So, I went to my neighbour’s house yesterday and her daughter told me she had a headache, when I asked why the reply was a little more than I’d assumed it’d be. She told me she’d been on the phone all afternoon with her daughter’s (my neighbour’s granddaughter) school after finding out a boy was bullying her. Her daughter told me that the boy was spreading rumors about her and turning all of her friends against her, to the point where they shouted at her that day at lunch time. It brought back a ton of memories of when I was bullied at High School and then I began to worry… All of those stories you see and hear in the media about young people committing suicide after being bullied at School. That fueled my anger that it was now happening to a young person I cared about, and this; was the inspiration for this blog post.

When I was in High School – at about fifteen years old - a group of ‘friends’ turned against me. At the time, I couldn’t really pinpoint why they did; but looking back… I think that it was because my behaviour changed so much when the abuse began (also aged fifteen). I didn’t become a nice person. I’d understand someone not liking the person I became; I was obnoxious - rebellious, constantly angry, rude, aggressive, untrustworthy, shallow, and disrespectful. But I think that because I knew this change was due to the abuse, I couldn’t understand why no one else could see this. In one way, I was trying to hide the fact it was going on but, in another way, by behaving in a different way… well, it was a desperate cry for someone to say; ‘I wonder why she’s changed.’ But instead of being concerned, my friends hazed me out of the group and continued to bully me once I was all alone. 

I had the clichĂ© confusion as to whether I should tell my teachers what was happening; I worried that if they were to be told off for it, it might actually make the bullying worse. In the end, I started to self-harm by scratching at my arms with a pin from a noticeboard and when it was finally noticed, I was referred to Child and Adolescent Mental Health Service. It took so long to get an appointment though that I had time to find the courage to tell my Mum, talk to the teachers and have the bullying stop before I even got a letter from the Service!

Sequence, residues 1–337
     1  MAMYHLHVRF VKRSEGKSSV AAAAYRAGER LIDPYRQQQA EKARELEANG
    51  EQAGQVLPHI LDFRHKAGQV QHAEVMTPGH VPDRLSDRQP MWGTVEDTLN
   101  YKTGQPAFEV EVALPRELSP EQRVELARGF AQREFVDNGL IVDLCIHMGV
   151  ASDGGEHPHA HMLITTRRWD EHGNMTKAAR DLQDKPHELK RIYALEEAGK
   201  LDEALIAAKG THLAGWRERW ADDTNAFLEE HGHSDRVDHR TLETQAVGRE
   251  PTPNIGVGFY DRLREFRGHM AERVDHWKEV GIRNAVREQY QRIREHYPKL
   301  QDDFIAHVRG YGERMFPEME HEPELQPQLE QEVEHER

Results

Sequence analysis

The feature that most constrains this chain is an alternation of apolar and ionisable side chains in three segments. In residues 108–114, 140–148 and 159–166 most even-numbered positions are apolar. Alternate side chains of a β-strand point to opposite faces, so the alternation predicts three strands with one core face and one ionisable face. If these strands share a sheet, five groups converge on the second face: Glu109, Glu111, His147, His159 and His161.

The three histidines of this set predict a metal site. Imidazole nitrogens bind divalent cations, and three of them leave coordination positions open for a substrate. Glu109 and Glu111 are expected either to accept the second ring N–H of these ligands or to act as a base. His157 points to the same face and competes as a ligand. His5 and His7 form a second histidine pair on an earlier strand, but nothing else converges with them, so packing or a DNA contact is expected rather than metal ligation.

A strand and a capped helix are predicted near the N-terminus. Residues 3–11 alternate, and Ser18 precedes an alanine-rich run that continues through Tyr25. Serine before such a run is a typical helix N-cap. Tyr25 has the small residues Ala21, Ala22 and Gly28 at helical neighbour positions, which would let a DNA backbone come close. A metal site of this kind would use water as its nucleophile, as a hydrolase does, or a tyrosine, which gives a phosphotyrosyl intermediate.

The bullying came to an end with one of my teachers calling everyone involved into a room and telling them all off.

To the bullies: Find something better to do with your time. If you’re bullying because there’s something going on in your own life, then ask for help rather than making someone else feel just as bad as you do. If you’re jealous of the person you’re bullying, then maybe think about different aims you’d like to achieve that might make you feel better about your own life. And just imagine how you’d feel if the person you’re bullying started hurting themselves - or worse – would you feel to blame? Could you live with that?           

To the people being bullied: You have to speak up. If you don’t, how can you ever expect it to stop? Hoping that they’ll just ‘get bored’ isn’t enough. When you find yourself praying, they’ll just ‘move onto someone else’ is when you really need to take a step back. Imagine someone feeling the way you do; would you really wish that upon someone else or are you just desperate for it not to be you anymore?

To the Teachers: You’ll never do the ‘right’ thing by the person being bullied because their ideal is that it had never happened, and you can’t change that it has. Instead, you’re left with the options of conflict resolution that include mediation. Personally, I think you need to be really careful about utilizing that skill; speaking to everyone involved at the same time makes everyone appear to be regarded as equal by the teaching staff – an idea that the person being bullied will already be struggling with. 

To the parents: Don’t think you’re alone in feeling powerless and angry.

For a hard-hitting, raw, and honest portrayal of bullying, go watch 13 Reasons Why on Netflix (lots of trigger warnings in it though!)
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